However, it is also clear that the Soviet regime felt deep hostility towards any manifestation of Ukrainian nationalism and it must have known that policies targeting the agricultural regions of the Soviet Union would have a disproportionate effect on Ukraine. The fact that, during the famine, Stalin closed the eastern border of Ukraine to prevent starving peasants from entering Russia in search of food is perhaps one of the strongest indications that his policy was, at least in part, motivated by a hostility towards Ukraine as a nation, with an identity, tradition and culture of its own. I think that no reasonable man or woman today would deny the horror, the atrocity, that was the holodomor.
My hon. Friend the Member for Mid Derbyshire asks whether the Government will recognise the holodomor formally as a genocide. Given the history of the holodomor, I can well understand the depth and strength of feeling in favour of doing that and why some Parliaments around the world have already done so. As the House knows, there is still a debate among historians and others on the question of recognition of the holodomor as genocide. Genocide has a defined status in international law, following the 1948 UN genocide convention. The holodomor predates the establishment of the concept of genocide in international law and the convention was not drafted to apply retrospectively.
Government policy is that recognition of genocides should be a matter for judicial decision, bearing in mind the terms of the convention and the consequences for individuals and Governments that can follow from the designation of their actions as genocide. It should be for judges, rather than Governments or non-judicial bodies, to make a designation of genocide. Recognition decisions should be based on a credible judicial process, and the courts are best placed to judge what are essentially criminal matters. The British Government have not proactively designated any atrocities as genocide. Those we have recognised—the holocaust, the 1994 killings in Rwanda and the 1995 massacre at Srebrenica—are all cases in which judicial bodies had judged the outrages to be genocide, in line with the definition in international law.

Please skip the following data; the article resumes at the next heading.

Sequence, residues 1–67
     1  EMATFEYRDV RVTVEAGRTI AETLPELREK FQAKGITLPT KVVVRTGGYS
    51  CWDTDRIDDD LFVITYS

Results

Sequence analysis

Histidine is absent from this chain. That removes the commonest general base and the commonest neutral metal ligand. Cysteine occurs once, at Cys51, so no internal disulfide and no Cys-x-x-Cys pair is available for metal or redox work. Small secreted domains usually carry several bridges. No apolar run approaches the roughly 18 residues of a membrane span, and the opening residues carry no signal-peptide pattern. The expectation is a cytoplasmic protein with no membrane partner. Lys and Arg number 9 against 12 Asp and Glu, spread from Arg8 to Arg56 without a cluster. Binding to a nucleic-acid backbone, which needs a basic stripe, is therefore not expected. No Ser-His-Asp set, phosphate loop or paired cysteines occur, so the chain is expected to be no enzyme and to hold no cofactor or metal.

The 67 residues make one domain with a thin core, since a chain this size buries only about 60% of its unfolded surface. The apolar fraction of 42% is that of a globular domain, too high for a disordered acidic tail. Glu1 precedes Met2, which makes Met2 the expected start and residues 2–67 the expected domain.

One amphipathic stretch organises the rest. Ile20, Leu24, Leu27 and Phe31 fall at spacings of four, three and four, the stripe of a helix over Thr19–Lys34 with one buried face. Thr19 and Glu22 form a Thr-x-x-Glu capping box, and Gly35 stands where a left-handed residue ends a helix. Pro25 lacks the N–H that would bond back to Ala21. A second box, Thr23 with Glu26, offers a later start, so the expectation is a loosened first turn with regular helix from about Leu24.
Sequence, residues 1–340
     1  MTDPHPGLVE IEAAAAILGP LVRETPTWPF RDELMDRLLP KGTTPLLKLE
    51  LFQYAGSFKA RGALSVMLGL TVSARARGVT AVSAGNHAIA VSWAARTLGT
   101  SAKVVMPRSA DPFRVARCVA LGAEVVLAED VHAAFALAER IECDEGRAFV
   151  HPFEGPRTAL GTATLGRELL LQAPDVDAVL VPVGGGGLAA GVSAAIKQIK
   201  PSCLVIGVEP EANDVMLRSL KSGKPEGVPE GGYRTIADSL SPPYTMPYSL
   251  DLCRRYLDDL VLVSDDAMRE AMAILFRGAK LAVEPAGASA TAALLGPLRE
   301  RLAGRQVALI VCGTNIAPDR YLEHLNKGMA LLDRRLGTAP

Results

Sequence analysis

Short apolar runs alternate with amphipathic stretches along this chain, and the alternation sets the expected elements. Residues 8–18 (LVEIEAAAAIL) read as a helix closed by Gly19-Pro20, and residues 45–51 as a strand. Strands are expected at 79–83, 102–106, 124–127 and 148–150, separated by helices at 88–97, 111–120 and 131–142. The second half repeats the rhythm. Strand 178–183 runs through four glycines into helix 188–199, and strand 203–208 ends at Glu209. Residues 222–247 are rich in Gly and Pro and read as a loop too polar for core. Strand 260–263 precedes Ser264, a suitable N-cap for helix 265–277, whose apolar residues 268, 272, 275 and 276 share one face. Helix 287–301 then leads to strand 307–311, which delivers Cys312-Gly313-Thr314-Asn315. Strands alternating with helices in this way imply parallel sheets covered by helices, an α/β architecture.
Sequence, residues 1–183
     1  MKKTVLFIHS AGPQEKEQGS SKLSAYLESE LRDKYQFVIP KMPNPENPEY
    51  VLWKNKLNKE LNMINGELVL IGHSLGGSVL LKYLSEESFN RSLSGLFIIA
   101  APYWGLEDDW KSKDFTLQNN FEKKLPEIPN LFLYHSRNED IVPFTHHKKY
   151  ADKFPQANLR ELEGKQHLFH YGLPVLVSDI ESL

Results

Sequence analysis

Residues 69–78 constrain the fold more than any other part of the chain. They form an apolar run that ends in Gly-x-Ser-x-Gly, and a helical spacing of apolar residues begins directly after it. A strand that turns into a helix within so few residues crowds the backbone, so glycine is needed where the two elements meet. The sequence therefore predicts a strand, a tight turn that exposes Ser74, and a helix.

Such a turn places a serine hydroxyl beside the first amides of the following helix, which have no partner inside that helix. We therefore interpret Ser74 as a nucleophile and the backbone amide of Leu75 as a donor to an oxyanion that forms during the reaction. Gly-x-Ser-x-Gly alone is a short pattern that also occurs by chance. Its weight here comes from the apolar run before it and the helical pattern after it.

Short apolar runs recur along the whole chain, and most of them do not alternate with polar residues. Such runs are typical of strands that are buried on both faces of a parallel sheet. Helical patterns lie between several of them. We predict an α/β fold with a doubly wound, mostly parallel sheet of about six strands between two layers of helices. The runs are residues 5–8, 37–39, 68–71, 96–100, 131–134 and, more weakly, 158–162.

We have made clear, and will continue to make clear, our abiding horror at what happened in Ukraine in the 1930s. Every year, the Ukrainian Government host a formal ceremony of commemoration in Kiev. They invite foreign ambassadors, and our ambassador normally represents the UK at that event. To mark the 75th anniversary of the holodomor in 2008, their Royal Highnesses the Duke of York and Princess Eugenie travelled to Kiev, took part in the ceremony and laid wreathes at the Kiev memorial to the victims of the holodomor.
I give my hon. Friend and the House the undertaking that we will not forget or overlook what happened. It is important for all of us that Governments and peoples throughout Europe continue to learn the lessons from what happened in Ukraine and elsewhere in eastern Europe in those years, to ensure that no one is again tempted towards policies that could have such an appalling effect on innocent men, women and children. We will look for other opportunities to demonstrate our solidarity with the people of Ukraine. We will mark with them the opportunity to mourn those who suffered or lost their lives during the holodomor and recall the importance of remembrance of the atrocity for the new generations growing to adulthood today. Nothing should diminish the horror or magnitude of the events in Ukraine and elsewhere in the Soviet Union in the 1930s. Man-made policies, a brutal dictatorship and a pitiless ideology led to the deaths of many millions of innocent people. That is something that the world cannot and should never forget.